Working remotely at appear.in

Inside Norway's video-conferencing specialists

Norwegian company appear.in has grown rapidly from a startup to a major

player in video-communications. In December 2017, the company announced

plans to join forces with fellow Norwegians, Videonor. Their goal? To build a

new super-power in the video conferencing industry.

We talked with Meri Sørgaard, Product Marketing Manager at appear.in,

about building a remote team that is both productive and social.

Hi Meri, how does remote working happen at appear.in? Do you all work remotely, or is it a mix? 

Obviously, we encourage and like remote working — but we do also have an office in Oslo, Norway. Some team members choose to work from there; it really depends on the person, and the team. Personally, I enjoy working from different locations, so I can visit friends and family. Sometimes I go for ‘workcations’ for a few weeks. At other times, I mix working in the Oslo office and working from home. So my location tends to vary day-to-day. Some of the appear.in team are based in other countries, so they work remotely most of the time. We currently have team members in several other European countries, and the US.

Virtual connection: Meri Sørgaard and myworkhive’s Lucy Elkin talk remote-working

Why did appear.in choose to build this kind of remote team?

Well, our company creates video-conferencing tools for location-independent groups, so we need to use our own product! Working remotely ourselves means that we really understand the market, and what contributes to making remote-working easy or hard. I work in marketing, so for me, working remotely and using these tools also really helps me to tell the story of what we do as a company. There are other reasons too. At appear.in, we believe that offering a remote work policy is all about giving people the freedom to choose. It’s about team happiness, not cutting office costs. So the company still has an office, because we want to offer people the choice to work in the way that suits them. And it’s great to have a space to get together for meetings; we tend to find it easier to work together remotely if we’ve spent time together face-to-face. Concern for the environment is another factor. Remote working reduces carbon emissions and spreads out the rush-hour traffic, which is really important for reducing pollution in cities.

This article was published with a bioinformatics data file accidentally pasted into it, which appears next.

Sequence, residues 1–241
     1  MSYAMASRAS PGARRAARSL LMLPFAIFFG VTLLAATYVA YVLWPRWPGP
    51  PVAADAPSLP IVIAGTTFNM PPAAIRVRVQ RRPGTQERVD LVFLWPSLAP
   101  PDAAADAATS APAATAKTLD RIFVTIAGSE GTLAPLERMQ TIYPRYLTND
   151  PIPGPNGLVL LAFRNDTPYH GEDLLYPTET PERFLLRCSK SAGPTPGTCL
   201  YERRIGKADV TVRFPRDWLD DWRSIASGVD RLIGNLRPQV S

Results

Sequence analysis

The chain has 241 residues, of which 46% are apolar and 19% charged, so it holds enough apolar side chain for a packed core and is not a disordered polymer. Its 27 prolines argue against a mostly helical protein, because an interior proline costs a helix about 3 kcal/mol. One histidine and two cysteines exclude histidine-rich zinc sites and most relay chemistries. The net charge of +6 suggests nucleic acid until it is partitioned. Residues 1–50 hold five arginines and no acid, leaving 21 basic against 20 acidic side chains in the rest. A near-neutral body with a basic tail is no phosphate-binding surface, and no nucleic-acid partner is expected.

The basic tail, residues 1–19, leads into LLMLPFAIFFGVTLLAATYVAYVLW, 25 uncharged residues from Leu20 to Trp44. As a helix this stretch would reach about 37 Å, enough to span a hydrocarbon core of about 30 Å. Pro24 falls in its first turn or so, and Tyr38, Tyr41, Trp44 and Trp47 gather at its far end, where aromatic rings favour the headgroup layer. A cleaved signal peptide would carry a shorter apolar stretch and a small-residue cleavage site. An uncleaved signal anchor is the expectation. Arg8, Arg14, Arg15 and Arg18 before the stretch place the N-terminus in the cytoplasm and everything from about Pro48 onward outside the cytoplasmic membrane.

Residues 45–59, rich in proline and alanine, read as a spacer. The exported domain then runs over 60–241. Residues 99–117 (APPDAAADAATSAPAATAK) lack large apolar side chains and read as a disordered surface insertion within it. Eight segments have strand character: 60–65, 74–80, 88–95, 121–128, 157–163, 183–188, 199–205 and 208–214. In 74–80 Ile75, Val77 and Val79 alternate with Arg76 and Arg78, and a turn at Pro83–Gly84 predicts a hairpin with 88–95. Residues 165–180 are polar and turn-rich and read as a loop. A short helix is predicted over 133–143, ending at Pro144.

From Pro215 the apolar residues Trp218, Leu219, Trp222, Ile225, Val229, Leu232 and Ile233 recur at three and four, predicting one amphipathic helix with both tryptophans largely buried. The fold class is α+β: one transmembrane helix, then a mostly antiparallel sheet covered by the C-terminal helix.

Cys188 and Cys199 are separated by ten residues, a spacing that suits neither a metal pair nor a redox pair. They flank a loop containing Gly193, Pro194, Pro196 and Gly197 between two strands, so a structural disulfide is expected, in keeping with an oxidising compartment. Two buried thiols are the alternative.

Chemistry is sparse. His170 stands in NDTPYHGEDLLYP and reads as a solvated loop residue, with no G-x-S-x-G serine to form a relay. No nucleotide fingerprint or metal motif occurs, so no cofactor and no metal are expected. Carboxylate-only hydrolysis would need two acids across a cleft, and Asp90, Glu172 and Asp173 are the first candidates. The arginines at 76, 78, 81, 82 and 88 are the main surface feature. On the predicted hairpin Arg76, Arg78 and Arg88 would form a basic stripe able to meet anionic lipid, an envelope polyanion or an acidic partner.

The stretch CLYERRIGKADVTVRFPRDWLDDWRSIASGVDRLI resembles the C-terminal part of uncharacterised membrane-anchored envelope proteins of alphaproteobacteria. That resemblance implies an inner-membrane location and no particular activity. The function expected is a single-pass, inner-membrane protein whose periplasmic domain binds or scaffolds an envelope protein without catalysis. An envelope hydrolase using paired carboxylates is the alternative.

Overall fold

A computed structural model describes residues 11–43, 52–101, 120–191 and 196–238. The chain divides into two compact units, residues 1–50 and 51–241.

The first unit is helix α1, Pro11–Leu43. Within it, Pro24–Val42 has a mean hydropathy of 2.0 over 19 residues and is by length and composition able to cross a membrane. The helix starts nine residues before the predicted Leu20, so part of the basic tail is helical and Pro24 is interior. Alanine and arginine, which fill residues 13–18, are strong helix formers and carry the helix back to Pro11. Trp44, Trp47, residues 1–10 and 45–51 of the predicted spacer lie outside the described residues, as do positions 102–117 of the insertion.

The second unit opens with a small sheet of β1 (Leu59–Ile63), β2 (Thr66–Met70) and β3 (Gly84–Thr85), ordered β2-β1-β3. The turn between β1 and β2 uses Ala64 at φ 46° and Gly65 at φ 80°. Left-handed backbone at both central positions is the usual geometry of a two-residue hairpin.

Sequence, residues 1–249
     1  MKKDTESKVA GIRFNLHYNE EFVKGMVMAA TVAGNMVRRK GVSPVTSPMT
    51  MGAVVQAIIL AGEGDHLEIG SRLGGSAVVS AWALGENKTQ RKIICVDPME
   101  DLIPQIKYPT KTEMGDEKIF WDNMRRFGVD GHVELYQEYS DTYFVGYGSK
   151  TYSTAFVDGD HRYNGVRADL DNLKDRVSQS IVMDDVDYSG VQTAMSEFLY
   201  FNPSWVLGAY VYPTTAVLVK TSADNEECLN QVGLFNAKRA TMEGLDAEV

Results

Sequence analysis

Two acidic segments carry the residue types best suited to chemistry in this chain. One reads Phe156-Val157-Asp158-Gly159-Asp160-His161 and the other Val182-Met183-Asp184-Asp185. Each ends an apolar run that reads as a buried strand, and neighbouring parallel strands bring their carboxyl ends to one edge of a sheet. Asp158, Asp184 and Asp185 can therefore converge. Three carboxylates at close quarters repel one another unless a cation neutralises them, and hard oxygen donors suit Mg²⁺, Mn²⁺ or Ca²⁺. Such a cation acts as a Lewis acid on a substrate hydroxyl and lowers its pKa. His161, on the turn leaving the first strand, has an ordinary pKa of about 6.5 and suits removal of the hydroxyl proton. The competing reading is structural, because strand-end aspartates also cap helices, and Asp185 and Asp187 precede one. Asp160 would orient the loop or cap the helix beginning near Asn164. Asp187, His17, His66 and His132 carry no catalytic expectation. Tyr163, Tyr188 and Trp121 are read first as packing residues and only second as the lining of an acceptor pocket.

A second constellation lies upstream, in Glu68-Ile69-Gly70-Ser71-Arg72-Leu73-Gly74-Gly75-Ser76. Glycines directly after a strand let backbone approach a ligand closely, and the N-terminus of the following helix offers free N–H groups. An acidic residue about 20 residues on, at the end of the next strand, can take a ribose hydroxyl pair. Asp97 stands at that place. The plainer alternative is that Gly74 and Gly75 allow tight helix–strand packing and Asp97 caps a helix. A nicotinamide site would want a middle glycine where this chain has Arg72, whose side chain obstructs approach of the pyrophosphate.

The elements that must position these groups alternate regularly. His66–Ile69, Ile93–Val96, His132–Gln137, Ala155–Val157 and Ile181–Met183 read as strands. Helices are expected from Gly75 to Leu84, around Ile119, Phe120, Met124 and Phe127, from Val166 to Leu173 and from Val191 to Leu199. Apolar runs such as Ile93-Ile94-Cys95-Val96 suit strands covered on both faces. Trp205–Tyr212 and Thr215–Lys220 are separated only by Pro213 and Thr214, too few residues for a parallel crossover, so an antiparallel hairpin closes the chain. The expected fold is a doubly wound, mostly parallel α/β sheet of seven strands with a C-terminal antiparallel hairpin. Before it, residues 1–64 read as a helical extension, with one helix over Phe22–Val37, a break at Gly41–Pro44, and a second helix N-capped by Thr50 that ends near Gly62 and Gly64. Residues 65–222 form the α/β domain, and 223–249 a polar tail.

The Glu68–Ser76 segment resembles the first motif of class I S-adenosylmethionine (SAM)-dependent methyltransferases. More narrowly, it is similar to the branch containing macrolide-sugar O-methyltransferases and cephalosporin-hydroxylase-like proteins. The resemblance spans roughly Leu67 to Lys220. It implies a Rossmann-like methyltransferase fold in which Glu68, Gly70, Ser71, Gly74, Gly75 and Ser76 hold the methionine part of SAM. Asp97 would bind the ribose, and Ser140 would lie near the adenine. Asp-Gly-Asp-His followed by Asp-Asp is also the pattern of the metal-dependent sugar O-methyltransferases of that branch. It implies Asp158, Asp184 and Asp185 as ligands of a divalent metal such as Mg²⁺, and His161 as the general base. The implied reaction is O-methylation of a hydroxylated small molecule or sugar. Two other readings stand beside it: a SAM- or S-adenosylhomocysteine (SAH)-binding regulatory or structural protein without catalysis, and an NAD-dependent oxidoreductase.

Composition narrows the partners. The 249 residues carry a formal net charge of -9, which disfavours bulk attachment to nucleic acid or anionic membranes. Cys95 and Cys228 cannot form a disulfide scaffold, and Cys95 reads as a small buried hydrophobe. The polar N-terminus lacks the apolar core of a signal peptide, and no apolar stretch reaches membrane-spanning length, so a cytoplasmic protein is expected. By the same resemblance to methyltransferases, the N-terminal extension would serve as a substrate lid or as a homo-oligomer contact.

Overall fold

Working across multiple time-zones can be a challenge — how do you manage it? 

We have colleagues in several different time zones, so we try to have update meetings at times that work for everyone — so maybe 3pm for those of us in Norway, which is around 7-8am for colleagues in the US.

What helps your remote team work well together? 

We try to hold each other accountable, and we also try to make it as easy as we can to work together and to cooperate. For example, when we’re working across time zones, the team members on both sides need to take responsibility for managing those relationships, and setting times that work for everyone. We use regular meetings and standups to help everyone stay on top of things. We also have some virtual social time on Friday afternoons; we get together each week for beers (or coffee, depending on preference and time zone!), which gives people the chance to chat more informally. It is harder for our colleagues in the US. They can’t so easily come to the office, so they are working remotely all the time. We do think about how to make that easier. There are certainly lots of challenges. But it’s all about managing expectations and being flexible as well — so sometimes I might need to change the day I’m in the office to fit in with other people, for example.